Amedica's CASCADE data shows silicon nitride spacers are comparable to hollow-body PEEK spacers

Amedica Corporation (Nasdaq:AMDA), a biomaterial company that develops and commercializes silicon nitride ceramics, today released the results of its CASCADE study, a blinded, randomized clinical trial that compared outcomes of spinal fusion surgery between its composite silicon nitride spacers manufactured with a central core of cancellous structured ceramic (CsC), to the gold standard, i.e., PEEK (polyether ether ketone plastic) spacers filled with bone autograft.

“Surgeons have long known that autograft is the holy grail of bone healing,” said Mark P. Arts, M.D., Ph.D., Neurosurgeon at the Medical Center Haaglanden, The Hague, Netherlands. “All osteoinductive and osteoconductive formulations on the market today aspire to show healing rates that are comparable to autograft bone. Hollow-body PEEK spacers used in cervical and lumbar spinal fusion must be filled with osteoconductive materials, such as allograft, bone autograft, or synthetic biologic formulations. The CASCADE study is the first to show that a synthetic material can heal and fuse as well as the patient’s own bone. We have shown that it is no longer necessary to use hollow interbody spacers filled with bone or bone void fillers to achieve optimal fusion results.”

The CASCADE study enrolled 104 patients in a prospective clinical trial that independently scored fusion rates and clinical outcomes at 12 months follow-up. Neck Disability Index scores decreased similarly in both patient groups, consistent with clinical improvements reported in the literature. Importantly, the incidence of cervical spine fusion was statistically identical between study groups, and consistent with figures reported in other studies.

“The significance of the CASCADE data cannot be overstated,” said Dr. Sonny Bal, Chairman and CEO of Amedica Corporation. “For the first time, a porous synthetic interbody spacer with no bone or bone fillers has shown fusion rates that are equivalent to the gold standard. Previously we have demonstrated that the surface topography and chemistry of our current Valeo silicon nitride spacers – sales of which were up 50% through the third quarter of 2014 as compared to the same period for 2013 – are uniquely conducive to bone ongrowth and bacterial resistance. In fact, many manufacturers are trying to overcome the limitations of PEEK spacers, and replicate our superior bone ongrowth properties by enhancing PEEK with costly porous metal coatings, or hydroxyapatite and related materials. Now, Amedica is leap-frogging the competition yet again with our composite, solid-and-porous CsC spacers to deliver equivalent fusion without the use of any bone, bone void fillers, or expensive biologics.”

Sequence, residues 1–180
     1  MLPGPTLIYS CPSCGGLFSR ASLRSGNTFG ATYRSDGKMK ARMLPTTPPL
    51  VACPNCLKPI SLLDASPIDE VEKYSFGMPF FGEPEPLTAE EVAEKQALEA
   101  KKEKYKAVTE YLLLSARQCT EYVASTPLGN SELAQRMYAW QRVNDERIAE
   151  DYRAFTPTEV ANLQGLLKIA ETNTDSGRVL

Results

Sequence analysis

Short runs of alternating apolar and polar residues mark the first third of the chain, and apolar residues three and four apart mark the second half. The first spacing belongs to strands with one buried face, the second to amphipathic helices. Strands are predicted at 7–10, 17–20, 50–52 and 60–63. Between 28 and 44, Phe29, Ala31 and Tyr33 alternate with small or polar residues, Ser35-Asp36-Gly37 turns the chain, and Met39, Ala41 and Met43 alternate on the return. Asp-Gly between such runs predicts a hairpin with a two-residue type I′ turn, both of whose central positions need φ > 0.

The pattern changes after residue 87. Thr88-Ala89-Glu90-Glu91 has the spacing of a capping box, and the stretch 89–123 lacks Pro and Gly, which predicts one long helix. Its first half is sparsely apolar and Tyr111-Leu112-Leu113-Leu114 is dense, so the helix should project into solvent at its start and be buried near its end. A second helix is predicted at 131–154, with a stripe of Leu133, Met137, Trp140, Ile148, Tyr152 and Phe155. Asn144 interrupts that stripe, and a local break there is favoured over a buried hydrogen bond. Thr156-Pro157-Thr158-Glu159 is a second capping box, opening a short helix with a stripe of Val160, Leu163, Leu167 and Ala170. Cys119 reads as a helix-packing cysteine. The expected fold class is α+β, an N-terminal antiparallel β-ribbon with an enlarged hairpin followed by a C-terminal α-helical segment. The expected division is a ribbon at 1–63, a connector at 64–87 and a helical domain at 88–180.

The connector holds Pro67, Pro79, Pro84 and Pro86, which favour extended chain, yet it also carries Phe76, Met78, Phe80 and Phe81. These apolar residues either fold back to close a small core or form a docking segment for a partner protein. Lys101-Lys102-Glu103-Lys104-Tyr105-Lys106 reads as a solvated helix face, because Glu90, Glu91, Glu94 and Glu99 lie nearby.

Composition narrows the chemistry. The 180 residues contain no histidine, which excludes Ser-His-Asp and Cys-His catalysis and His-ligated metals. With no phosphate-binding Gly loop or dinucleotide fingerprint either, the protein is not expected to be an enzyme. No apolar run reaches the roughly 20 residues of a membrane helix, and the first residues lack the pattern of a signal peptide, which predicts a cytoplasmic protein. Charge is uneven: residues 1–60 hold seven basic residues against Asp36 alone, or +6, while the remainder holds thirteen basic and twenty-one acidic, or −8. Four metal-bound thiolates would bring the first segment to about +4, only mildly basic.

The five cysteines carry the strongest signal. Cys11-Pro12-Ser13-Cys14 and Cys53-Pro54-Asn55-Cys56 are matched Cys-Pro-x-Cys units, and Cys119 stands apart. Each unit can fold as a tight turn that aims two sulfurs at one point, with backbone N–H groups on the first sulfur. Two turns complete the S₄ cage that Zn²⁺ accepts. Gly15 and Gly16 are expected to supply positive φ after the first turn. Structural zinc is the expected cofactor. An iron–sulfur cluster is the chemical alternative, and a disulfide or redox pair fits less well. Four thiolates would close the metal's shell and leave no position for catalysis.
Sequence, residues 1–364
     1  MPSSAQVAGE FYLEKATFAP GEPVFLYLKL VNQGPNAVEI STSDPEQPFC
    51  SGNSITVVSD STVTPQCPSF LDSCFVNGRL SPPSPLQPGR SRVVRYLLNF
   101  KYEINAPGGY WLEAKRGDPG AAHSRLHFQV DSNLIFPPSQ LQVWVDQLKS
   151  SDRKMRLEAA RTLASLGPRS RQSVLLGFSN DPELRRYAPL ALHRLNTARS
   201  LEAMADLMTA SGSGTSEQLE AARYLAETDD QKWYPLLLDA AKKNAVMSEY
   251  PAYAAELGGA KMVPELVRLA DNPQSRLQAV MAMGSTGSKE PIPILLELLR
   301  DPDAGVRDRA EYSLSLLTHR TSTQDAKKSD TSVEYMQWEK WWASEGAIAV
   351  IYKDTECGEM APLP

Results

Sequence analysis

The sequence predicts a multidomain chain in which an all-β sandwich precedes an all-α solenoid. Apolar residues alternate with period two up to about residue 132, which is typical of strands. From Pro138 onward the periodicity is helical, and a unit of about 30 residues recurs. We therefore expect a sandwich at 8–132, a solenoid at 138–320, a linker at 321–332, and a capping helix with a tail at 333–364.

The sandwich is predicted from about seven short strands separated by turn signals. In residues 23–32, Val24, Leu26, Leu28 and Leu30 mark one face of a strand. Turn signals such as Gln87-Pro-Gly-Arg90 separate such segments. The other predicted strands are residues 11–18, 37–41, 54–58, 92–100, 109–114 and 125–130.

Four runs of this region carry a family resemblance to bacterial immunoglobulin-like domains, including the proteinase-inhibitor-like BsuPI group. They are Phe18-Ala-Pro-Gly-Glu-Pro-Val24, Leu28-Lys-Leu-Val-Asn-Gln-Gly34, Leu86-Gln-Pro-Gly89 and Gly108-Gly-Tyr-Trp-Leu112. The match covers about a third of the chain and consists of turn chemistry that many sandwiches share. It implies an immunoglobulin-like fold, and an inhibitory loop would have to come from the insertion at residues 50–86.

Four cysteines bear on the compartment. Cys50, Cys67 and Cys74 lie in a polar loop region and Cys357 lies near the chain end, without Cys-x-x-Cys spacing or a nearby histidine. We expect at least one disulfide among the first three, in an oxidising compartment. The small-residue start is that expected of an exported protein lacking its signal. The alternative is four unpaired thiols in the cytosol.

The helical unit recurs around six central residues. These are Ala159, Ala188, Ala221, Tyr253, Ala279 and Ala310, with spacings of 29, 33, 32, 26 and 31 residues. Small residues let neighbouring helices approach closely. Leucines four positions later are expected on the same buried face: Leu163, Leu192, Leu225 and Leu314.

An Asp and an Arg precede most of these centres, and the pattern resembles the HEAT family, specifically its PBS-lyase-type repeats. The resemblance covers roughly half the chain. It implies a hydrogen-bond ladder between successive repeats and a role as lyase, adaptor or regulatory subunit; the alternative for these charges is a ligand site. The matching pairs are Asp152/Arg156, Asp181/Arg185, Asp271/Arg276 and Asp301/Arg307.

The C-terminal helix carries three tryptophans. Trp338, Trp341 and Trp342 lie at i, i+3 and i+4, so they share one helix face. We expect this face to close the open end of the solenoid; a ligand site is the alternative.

“In addition to the superior bone ongrowth, strength, biocompatibility, favorable radiographic imaging and antibacterial properties of silicon nitride, we have now shown that the cancellous formulation of our material enables bone ingrowth and spinal fusion by itself, i.e., without relying on additives,” continued Dr. Bal. “We expect this advantage will translate into decreased cost and complexity of surgical procedures, and support our efforts to receive 510(k) clearance from the FDA for the CsC product used in the CASCADE study, which is already approved for use in Europe.”

Amedica is preparing a scientific paper describing the CASCADE study for publication in a peer-reviewed journal. The Company will also submit an application during January 2015 in the 510(k) regulatory track based on the final clinical data. The Food and Drug Administration will examine all the data presented as part of a complete application for 510(k) clearance of the composite silicon nitride interbody system.


The opinions expressed here are the views of the writer and do not necessarily reflect the views and opinions of News Medical.
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